Unquestionably, " Keswick " has been an untold help to many a minister in leading him to "get right with God." The very atmosphere helps. To be apart before God for several days, in which all else is laid aside save thinking and learning of the conditions of fellowship with the unseen Master, is a pathway of blessing to the over-driven worker. There is no parade of oratory, but deep in the heart of the speaker calls to deep in the heart of the hearer, and awakes a responsive echo. The Spirit of God broods in blessing here, where men come to surrender what parts them from their God, and separates them from their neighbour; and similar spiritual results are seen, wherever like conditions are reproduced. Bible ideals begin to appear as divine possibilities, Alps to be attempted, not stars to be admired. God's promises are seen to be cheques which have been cashed by others before, and can be cashed by us to-day. And this again is a distinctive truth which has helped many, the possibility of a present entrance into a life of blessing. The student becomes aware of the spiritual significance of the aorist tense in the programme of holiness. He has perhaps been living rather aimlessly in the progressive present, hoping sometime and somehow to emerge into a new experience of quickened spirituality; and possibly Seton Merriman’s epigram has been applicable in his case : "The world can find no fault, but God can find no fruit." Now his attention is suddenly called to divine finger-posts, which claim a present decision and an instant choice. If "ye were justified" (i Cor. vi. 11), is a phrase which conveys a restful assurance to the soul as marking a definite transition from guilt to acquittal ; then also "Ye were sanctified " indicates a no less definite step, to be taken now, if never before, and enjoyed henceforward. Such phrases as " Yield your selves," "yield your members," "present your bodies," " sanctify you wholly" (Rom. vi. 13, 19, xii. i; i Thess. v. 23) are seen to be not only incentives to a process of sanctification, but if tenses mean anything, the words mark "a crisis with a view to a process," to borrow the Bishop of Durham s happy definition. It is absolutelyimperative that spiritual dislocations should be adjusted before there can be growth and progress (cf. i Pet. v. 10)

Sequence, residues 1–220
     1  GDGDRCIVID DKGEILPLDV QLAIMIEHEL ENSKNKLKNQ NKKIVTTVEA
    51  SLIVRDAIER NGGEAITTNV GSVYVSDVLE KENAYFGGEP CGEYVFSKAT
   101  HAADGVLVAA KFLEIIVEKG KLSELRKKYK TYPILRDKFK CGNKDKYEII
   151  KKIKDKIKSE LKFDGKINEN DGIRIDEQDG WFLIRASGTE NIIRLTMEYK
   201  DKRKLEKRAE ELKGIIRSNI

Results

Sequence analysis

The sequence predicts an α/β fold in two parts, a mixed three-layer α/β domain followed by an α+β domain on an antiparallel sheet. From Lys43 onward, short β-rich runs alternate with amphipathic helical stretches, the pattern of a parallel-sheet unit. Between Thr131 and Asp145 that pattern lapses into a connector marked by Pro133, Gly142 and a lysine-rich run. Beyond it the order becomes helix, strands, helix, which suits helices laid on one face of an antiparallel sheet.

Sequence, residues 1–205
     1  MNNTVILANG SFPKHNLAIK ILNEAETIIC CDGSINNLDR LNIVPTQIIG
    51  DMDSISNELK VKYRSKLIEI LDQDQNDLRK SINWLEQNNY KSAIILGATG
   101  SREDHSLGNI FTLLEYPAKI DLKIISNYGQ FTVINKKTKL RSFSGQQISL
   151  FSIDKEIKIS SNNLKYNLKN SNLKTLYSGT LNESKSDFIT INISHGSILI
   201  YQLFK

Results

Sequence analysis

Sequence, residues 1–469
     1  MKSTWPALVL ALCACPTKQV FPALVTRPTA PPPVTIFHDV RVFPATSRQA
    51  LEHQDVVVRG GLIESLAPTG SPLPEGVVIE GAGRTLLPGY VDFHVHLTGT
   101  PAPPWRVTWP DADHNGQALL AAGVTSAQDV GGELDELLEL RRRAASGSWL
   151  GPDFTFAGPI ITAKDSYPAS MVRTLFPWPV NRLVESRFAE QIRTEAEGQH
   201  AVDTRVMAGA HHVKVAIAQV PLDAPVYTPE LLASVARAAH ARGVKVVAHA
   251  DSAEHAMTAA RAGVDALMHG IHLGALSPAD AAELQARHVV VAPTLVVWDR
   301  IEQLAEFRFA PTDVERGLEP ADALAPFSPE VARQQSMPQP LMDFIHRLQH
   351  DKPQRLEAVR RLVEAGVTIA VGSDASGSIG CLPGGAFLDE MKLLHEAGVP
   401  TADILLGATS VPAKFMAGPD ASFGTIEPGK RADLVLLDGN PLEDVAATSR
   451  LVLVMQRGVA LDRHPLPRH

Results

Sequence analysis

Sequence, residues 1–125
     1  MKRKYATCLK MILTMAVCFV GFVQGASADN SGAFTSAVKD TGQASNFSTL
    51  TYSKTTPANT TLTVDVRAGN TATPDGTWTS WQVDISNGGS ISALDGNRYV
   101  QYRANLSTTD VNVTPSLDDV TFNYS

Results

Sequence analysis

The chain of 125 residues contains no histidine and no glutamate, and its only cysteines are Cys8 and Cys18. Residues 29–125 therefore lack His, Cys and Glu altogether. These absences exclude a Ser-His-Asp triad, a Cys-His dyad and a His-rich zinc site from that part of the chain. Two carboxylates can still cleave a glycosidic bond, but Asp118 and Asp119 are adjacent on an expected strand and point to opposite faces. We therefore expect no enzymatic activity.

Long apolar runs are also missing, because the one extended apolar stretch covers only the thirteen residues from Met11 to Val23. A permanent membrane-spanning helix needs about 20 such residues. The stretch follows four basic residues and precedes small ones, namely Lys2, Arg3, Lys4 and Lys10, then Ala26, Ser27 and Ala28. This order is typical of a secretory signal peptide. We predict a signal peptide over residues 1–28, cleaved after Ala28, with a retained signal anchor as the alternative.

The doctrinal standpoint of " Keswick " lies outside the scope of this chapter, but a few lines of special helpfulness in its teaching are in place here.
(i) The Keswick message promises victory in the life. Few things are so deadening to the inner life of a minister of Christ as the consciousness of periodic defeat. Repeated failure in the face of temptation is apt to bring about an almost sullen resignedness to what is falsely said to be in evitable. So "Keswick " insists upon the reliability of God’s promises of conquest, and the possibilities of cleansing in heart and thought, of a keeping power by which Christ transforms the will and transfigures the life. Faith lays hold of the risen Saviour and triumphs in Him --not vauntingly indeed, but in the spirit of St. Paul: "I know nothing against myself; yet am I not hereby justified; but He that judgeth me is the Lord" (i Cor. iv. 4) -- humbly conscious of a real freedom from former bondage, yet also sure that God’s holy eyes still find much to alter.